Adams-Parachute Dry,Discount Trout Flies,Adams Fly for Fly Fishing – Dryflyonline.com

Adams - Parachute

Adams Parachute Dry Fly

This Adams parachute should be accompanied by the classic Adams fly and the Adams Midge. 

As the parachute pattern sits with its body in the water it looks wholly different to the fish. There are a number of instances where the insects we aim to imitate are best represented by a parachute pattern. The only time a natural insect will have its body lying flat on the water surface is during emergence. During emergence some insects are trapped by that the surface tension of the water. In addition, later in the day when there is a spinner fall, they are trapped by the surface tension. The hackle of a parachute pattern is different, it is spread laterally. This in turn changes the view from underneath the fly. It looks like an emerging insect that is spreading its legs to get that extra support and push from the shuck before it starts drying its wings. Lastly, when the female insect returns to lay her eggs wings often are caught in the surface tension and take on water. Again due her weight increasing, she will extend her legs to gain additional support. Many females are unsuccessful in flying away and this is another excellent time to use the parachute pattern as they float down with their legs extended sideways and wings trapped in the surface tension. The human benefit, we can see the post so much more clearly.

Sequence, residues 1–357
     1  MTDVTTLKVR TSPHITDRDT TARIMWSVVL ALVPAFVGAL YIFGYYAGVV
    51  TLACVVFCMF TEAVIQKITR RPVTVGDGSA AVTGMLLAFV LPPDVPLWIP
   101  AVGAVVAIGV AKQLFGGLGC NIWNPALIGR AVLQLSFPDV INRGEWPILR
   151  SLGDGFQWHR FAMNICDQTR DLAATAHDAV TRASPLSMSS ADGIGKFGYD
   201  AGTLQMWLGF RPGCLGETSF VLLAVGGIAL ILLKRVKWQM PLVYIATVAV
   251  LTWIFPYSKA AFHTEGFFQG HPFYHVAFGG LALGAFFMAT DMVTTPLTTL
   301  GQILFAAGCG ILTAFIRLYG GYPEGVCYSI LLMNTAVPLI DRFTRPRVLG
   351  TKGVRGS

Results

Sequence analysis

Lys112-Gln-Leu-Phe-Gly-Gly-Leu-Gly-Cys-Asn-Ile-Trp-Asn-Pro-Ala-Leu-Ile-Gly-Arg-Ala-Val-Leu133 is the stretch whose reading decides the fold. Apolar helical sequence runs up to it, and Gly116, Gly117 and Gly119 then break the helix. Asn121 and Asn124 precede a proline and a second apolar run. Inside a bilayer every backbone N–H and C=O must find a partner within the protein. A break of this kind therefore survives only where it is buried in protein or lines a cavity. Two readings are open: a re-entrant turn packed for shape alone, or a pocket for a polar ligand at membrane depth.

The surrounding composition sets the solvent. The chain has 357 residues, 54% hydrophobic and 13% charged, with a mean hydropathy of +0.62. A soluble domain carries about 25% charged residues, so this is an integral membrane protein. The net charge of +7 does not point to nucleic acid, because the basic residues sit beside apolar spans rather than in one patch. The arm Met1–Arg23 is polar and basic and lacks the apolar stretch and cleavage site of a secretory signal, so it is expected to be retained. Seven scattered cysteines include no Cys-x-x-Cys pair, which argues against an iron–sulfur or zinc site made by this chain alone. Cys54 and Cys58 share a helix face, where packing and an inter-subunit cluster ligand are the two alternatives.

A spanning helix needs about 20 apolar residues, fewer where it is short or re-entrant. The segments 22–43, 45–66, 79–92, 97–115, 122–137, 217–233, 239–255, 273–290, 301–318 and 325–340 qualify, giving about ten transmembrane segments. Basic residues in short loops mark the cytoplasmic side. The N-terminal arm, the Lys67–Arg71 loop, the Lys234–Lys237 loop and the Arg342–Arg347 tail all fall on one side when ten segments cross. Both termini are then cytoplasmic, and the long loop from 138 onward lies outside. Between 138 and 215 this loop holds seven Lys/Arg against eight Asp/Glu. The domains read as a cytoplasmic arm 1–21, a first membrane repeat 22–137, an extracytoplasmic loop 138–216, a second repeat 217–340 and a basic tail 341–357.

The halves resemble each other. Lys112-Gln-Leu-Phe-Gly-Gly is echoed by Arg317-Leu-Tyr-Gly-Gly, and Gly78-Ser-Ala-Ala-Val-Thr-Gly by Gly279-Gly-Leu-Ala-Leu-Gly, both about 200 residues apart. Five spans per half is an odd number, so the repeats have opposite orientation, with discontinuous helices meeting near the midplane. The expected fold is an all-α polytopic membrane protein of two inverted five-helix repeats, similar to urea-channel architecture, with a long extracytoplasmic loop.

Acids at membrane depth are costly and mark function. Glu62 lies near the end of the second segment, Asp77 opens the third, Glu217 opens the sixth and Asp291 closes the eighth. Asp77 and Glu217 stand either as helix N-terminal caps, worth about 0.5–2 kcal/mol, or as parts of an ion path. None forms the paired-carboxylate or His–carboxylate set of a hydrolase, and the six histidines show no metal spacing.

Many trout anglers claim it is the best fly ever made. Most declare that if they had to choose one fly to use for all of their trout fishing, it would be the Adams. We need say no more about the fly that is and always shall be the cornerstone of every fly collection the world over. We must, however, mention the Adam's dry fly creator Leonard Halladay who tied the first Adams dry fly near his home on the banks of Mayfield pond in 1922. He named it in honor of his great friend, Judge Charles F. Adams.

When fishing any dry fly pattern, matching the color and the size to the hatch are critical.   Often overlooked is the casting of shadow from your leader, which may lead to spooked fish.   We suggest selecting a high float leader. Additional waterproofing can be given to you fly delaying it becoming waterlogged, by applying a flotant product such as Gink ®.

All flies are tied with American sourced materials including Hareline Dubbin Materials and Whiting Farm's Hackles & Capes and are tied on premium hooks.

$ 0.89